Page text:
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Among the Janeites: A Journey Through the World of Jane Austen Fandom Paperback – August 6, 2013
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From the Back Cover
For anyone who has ever loved a Jane Austen novel, a warm and witty look at the passionate, thriving world of Austen fandom
They walk among us in their bonnets and Empire-waist gowns, clutching their souvenir tote bags and battered paperbacks: the Janeites, Jane Austen s legion of devoted fans. Who are these obsessed admirers, whose passion has transformed Austen from classic novelist to pop-culture phenomenon? Deborah Yaffe, journalist and Janeite, sets out to answer this question, exploring the remarkable endurance of Austen s stories, the unusual zeal that their author inspires, and the striking cross-section of lives she has touched.
Along the way, Yaffe meets a Florida lawyer with a byzantine theory about hidden subtexts in the novels, a writer of Austen fan fiction who found her own Mr. Darcy while reimagining "Pride and Prejudice," and a lit professor whose roller-derby nom de skate is Stone Cold Jane Austen. Yaffe goes where Janeites gather, joining a pilgrimage to historic sites in Britain, chatting online with fellow fans, and attending the annual ball of the Jane Austen Society of North America in period costume. Part chronicle of a vibrant literary community, part memoir of a lifelong love, "Among the Janeites" is a funny, touching meditation on the nature of fandom.
About the Author
DEBORAH YAFFE worked as a newspaper reporter in New Jersey and California for more than thirteen years covering education, the law and state government. She lives in central New Jersey with her husband, her two children, and her Jane Austen Action Figure.
Top customer reviews
Deborah Yaffe offers a fun and fascinating look at Jane Austen fandom that took hold `across the pond'. The book is broken down into three parts and walks the reader through the mob of obsessed Janeites and the various levels of `zeal' they radiate. There are the purists who avoid the remakes and updates, the quiet devotees who keep their adoration to themselves, and those who go all out by dressing up and completely immersing themselves in all things Austen! As someone who fits into all three of these categories )I belong to JASNA but have never dressed up) I appreciated hearing stories about others who share my passion. Yaffe writes about the founders of JASNA, what it is like to attend a JA conference, and includes numerous backstories on authors of well known remakes and 'Happily Ever After' stories.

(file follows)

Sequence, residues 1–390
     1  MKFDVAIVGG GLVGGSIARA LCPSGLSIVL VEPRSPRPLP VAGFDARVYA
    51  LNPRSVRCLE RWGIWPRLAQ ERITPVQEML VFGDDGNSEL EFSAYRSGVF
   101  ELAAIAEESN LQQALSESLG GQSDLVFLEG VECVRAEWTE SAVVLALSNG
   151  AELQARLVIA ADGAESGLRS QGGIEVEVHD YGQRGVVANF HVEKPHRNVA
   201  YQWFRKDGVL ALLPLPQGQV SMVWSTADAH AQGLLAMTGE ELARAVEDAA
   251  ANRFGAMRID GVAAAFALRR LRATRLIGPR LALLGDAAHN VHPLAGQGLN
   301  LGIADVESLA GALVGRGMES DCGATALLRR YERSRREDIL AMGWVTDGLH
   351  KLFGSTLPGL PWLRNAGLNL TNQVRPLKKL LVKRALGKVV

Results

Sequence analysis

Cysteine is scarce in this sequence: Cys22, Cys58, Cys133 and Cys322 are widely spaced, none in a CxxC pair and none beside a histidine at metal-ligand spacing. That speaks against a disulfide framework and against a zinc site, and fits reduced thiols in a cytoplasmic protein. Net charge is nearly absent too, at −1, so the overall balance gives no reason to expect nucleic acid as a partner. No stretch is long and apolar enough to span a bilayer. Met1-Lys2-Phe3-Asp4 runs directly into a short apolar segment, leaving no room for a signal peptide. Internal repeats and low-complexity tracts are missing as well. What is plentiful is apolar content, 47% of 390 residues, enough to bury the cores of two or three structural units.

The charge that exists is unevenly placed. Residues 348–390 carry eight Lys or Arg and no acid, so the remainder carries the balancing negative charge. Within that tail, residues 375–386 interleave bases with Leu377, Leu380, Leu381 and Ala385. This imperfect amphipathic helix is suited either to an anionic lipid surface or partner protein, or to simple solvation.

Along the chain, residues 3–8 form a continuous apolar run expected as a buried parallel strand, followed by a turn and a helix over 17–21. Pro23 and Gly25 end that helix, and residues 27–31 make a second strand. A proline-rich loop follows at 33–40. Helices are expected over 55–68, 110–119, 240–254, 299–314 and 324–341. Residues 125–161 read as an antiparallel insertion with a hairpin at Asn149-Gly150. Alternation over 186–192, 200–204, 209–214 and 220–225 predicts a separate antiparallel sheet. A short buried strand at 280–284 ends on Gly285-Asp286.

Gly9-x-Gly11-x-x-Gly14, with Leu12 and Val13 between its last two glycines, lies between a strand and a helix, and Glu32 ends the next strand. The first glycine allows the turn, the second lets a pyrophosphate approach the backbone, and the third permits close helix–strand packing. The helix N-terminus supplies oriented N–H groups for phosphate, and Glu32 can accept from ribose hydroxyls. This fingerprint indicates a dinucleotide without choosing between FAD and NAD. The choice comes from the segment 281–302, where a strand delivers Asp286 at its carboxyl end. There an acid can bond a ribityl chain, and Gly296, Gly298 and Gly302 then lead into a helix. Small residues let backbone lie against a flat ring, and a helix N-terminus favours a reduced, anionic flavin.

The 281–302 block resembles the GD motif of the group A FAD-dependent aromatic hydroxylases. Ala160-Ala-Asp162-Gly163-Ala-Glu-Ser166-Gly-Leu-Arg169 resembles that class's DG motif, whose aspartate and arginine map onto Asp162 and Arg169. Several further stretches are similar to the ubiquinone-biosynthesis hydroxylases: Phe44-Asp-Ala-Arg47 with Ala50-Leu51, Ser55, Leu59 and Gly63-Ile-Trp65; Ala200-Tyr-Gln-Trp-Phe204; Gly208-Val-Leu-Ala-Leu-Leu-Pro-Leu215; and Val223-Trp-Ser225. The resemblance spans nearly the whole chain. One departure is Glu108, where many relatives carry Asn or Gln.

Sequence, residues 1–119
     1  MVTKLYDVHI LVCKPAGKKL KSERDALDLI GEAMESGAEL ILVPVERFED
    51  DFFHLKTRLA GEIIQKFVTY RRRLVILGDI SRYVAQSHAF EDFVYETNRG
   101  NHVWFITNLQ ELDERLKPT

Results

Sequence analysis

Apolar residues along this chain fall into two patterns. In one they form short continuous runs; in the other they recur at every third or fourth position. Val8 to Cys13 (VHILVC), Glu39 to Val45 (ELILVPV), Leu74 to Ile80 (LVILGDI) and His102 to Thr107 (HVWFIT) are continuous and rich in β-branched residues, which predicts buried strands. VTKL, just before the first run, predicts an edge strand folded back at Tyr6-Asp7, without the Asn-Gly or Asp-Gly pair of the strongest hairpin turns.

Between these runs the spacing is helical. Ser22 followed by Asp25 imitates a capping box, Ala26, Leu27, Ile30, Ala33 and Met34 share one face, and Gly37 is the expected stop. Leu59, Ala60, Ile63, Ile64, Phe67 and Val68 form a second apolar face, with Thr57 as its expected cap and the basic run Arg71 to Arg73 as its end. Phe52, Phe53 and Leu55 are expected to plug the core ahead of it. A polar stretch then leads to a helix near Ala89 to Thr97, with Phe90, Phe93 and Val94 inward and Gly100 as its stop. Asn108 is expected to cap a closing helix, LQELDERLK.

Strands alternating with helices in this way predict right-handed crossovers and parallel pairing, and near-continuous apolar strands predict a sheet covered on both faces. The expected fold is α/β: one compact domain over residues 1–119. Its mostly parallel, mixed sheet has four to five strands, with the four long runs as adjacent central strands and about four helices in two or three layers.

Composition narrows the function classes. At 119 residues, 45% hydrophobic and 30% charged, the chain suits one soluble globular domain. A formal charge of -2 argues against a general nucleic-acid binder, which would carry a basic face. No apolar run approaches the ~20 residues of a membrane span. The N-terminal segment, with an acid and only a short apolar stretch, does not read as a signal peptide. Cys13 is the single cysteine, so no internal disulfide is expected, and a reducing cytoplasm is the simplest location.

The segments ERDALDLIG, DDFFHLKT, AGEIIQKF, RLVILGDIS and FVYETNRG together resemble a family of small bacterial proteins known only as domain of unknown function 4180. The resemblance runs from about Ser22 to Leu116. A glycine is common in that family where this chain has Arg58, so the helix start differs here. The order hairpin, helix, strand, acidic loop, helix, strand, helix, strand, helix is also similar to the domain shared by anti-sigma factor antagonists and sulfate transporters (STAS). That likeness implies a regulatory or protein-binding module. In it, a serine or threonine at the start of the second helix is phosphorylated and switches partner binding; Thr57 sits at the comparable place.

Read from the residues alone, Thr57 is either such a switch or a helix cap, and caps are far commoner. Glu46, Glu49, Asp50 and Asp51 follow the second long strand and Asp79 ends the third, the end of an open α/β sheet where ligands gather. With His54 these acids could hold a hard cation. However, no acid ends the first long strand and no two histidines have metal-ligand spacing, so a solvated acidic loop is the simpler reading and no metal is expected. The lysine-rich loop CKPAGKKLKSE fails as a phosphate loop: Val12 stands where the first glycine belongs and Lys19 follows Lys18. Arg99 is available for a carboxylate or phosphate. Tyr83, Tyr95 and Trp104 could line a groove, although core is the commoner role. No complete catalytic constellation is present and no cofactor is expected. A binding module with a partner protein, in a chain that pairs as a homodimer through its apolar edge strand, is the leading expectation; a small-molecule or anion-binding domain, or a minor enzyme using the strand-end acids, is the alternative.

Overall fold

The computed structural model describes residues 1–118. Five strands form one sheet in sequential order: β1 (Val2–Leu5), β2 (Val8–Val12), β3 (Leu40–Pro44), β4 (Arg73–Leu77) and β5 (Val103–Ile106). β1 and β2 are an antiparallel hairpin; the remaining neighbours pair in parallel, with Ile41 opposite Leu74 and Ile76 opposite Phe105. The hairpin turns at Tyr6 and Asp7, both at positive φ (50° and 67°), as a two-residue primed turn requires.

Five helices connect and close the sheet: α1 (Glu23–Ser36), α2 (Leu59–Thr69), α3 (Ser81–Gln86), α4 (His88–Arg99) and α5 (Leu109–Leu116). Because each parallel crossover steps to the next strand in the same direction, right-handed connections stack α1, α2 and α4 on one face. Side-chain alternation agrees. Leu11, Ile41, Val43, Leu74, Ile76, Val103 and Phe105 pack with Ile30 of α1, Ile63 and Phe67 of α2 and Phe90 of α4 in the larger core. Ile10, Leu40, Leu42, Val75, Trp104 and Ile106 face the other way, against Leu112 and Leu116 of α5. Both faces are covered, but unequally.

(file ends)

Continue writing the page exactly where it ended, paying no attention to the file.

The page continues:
I found this to be fun and enjoyable! It helped me to realize I am not alone in my admiration of all things Austen and my devotion could be a lot worse! Great book for true Austen fans!
No, I don't dress up for JASNA meetings (I am a member, however), but since I do happen to wear baseball, football and hockey jerseys to sporting events, I see no problem with people dressing up in Regency clothing for JASNA events. Empire waist dresses are not my thing, but if it makes them happy, then so be it. But being a Janeite is not about who can wear the most authentic frock to a Regency ball. It's about the love one has for the characters and stories created by Jane Austen. They are timeless. The very fact that Amy Heckerling's "Clueless" is one of the best adaptations of Austen's "Emma" out there shows just how timeless Austen is. Austen is a brilliant observer of human nature, and we haven't changed quite as much in 200 years as people would like to think. Austen's work has been translated into different languages, different cultures and different centuries, and the stories are still relevant.
As for the book itself, it was a lot of fun. I highly recommend it to anyone who loves Austen. It's a quick read, and a very enjoyable one.
Luckily for Deborah Jaffe, many have. Ms. Jaffe explores the feverish devotion Jane Austen inspires in those who love her. There are many websites where you can share your writing inspired by the Regency author, as well as societies (clubs) where you can meet up with fellow devotees and even dress the part. And I have read quite a few continuations of her books. I personally think that Elizabeth Aston does a great job of continuing the lives of Elizabeth and Darcy and any progeny. I didn't care for The Bar Sinister, written by fan Linda Berdoll.
This book is mostly a fun romp through the exploration of why Jane Austen continues to find new fans everyday, what hidden meanings may be found in her writing, and whether or not Ms. Austen was the maiden lady history paints her as. At times, it does plod underneath the weight of information that the author was able to gather. But for true Janeites, it's an enjoyable read. I look forward to exploring some of the reference material Ms. Jaffe used in her research.